Inside Saudi Arabia’s Covert Expat Money Laundering Schemes

Inside Saudi Arabia’s Covert Expat Money Laundering Schemes

“How do I get my money out of Saudi Arabia?” A question many expats find themselves asking in the conservative Islamic kingdom. Likely they are employed in the private sector, with their own businesses on the side—an illegal activity according to the kingdom’s stringent laws governing foreigners working there.

The difficulties faced by the private sector in Saudi Arabia on the back of the general recession in the local market have caused many of these foreign workers to begin considering returning to their own countries, and taking their savings along with them.

However, due to the local laws and regulations, foreign residents of the kingdom must disclose the source of their money, should they wish to transfer remittances of values higher than their salaries.

Thus, a foreigner working as a secretary, for example, would likely not agree to transfer three million Saudi riyals ($800,000) abroad, as this would be a probable indicator that the money was obtained through illegitimate means. Saudi regulations prohibit foreign workers from undertaking independent business outside of their official employment registered by their Saudi sponsors (kafeel).

Moreover, the foreign worker must work within the sponsor’s employment, either as a domestic servant or in a Saudi sponsoring company. Should the sponsor retain sponsorship of a foreign worker while he/she is employed elsewhere, this is considered concealment on the behalf of the foreign worker. This would subject the sponsor to a fine valued at approximately 100,000 Saudi riyals.

However, expat workers looking to repatriate their hard-earned cash have found a loophole they can exploit, through resorting to local businessmen who make “donations” abroad using the foreign workers' savings, in return for a specified sum or percentage.

Saeed al-Shahrany affirms to Raseef22 that social media networks have recently reported on unconfirmed rumors that prominent Saudi businessmen have announced investments and donations abroad. Meanwhile, it is well known that these same businessmen have reduced their activities in the Saudi market.

“It’s difficult to inspect these businessmen without hard evidence that they are involved in money smuggling operations, but this phenomenon has become conspicuous in the aftermath of the significant exodus of migrant workers from Saudi Arabia,” al-Shahrany continues.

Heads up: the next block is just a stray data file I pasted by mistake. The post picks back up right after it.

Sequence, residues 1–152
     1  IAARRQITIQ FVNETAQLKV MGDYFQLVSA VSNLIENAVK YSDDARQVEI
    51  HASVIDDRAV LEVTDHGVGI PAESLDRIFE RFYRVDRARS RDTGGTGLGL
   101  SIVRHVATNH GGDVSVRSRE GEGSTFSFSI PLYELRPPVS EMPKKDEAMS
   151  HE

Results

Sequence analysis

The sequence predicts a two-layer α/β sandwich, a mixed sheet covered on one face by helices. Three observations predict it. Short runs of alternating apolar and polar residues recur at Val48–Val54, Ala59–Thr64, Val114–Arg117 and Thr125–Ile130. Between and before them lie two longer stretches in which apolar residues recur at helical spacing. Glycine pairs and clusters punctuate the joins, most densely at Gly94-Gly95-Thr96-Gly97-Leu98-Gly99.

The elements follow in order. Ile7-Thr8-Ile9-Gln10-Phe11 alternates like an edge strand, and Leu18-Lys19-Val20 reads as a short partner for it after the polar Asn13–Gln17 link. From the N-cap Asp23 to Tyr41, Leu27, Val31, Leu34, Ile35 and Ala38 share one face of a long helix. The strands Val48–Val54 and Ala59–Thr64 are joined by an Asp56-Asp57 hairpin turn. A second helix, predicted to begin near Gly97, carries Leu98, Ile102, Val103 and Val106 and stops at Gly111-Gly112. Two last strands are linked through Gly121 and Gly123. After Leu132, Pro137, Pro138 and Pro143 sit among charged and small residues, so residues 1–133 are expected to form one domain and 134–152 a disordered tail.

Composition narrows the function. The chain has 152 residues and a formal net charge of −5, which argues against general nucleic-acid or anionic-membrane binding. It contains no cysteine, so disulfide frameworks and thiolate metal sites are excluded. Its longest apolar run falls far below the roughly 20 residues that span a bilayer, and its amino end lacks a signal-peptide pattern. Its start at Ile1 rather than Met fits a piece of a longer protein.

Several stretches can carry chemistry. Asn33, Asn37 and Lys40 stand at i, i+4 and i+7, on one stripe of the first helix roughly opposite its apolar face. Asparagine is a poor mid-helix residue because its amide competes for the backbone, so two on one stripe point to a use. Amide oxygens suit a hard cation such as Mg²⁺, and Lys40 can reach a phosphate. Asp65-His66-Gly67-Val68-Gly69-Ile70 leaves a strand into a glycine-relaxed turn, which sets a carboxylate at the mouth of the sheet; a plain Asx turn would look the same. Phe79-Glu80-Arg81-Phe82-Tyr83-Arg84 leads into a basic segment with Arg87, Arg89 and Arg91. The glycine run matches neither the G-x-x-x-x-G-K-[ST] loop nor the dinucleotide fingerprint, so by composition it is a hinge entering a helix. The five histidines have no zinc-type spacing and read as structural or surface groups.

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Share TweetAmid stringent laws, expats in Saudi resort to various means to repatriate their cash, some less legal than others...

Meanwhile, the economic crimes bureau recently concluded its investigations into money laundering schemes valued at 16 billion Saudi riyals. Numerous suspects were involved, including Saudis as well as a number of foreign residents.

The investigations revealed that the sums involved belonged to foreign residents in the kingdom that were deposited in Saudi businessmen’s accounts in order to then be transferred abroad.

New Business Opportunities

According to Fouad al-Nassar, who owns Al-Takamul Contracting Est. in Jeddah, many contracting business owners who were forced to shut down due to the economic difficulties resorted to striking deals with the workers under their sponsorship to smuggle their money out of the country, on the condition that they would receive a percentage.

Al-Nassar notes that some of the foreigners registered under such companies have other business activities, albeit with the approval of their sponsors.

Moreover, foreign workers are legally entitled to large end-of-service bonuses, which they can transfer abroad without hurdles, as the source of the money is known.

However, there are suspicions over the large sums claimed to be bonuses, and for employees with incomes lower than 3,000 Saudi riyals, it is necessary to declare the source of the sum.

Hamed Awadallah is a Sudanese national who worked in Saudi Arabia for 30 years as a commercial supervisor in a clothing store. He was able to save enough money to buy a partner’s share in his sponsor’s shop, after selling some property in his hometown.

However, the recession in the oil-dependent kingdom resulted in a lull in the retail market, pushing Awadallah to consider returning home. It was then that he was confronted with the difficulties of transferring the large sum of money he had accrued home.

Awadallah affirms that he has no intention to resort to illegitimate means to smuggle his money abroad through fake donations from his sponsor or other Saudi nationals. He says he will comply with any questions regarding the source of his money, should they arise.

Money Laundering Penalties

According to Saudi law, these covert transfer operations are classed as money laundering operations. They include transfers made with knowledge that the money comes from illegitimate or unregulated sources, as well as withholding or obscuring the nature of the money, its source, or its ownership.

Article 9 of the Anti-Money Laundering Regulation states that the penalty for perpetrators is imprisonment for up to 15 years, and a fine of seven million Saudi riyals, if the operation is conducted by an organized gang or using violence or weapons. The penalty also applies if the perpetrator occupies a public position that has been compromised by the crime, or if the crime was committed through the cover of a development, charity, or educational organization, among others.

Ibrahim Nafea'

Ibrahim Nafea' is an Eritrean journalist who has worked at Asharq Al-Aswat in London and Arab News. He is currently the Gulf correspondent for Huffpost Arabi.

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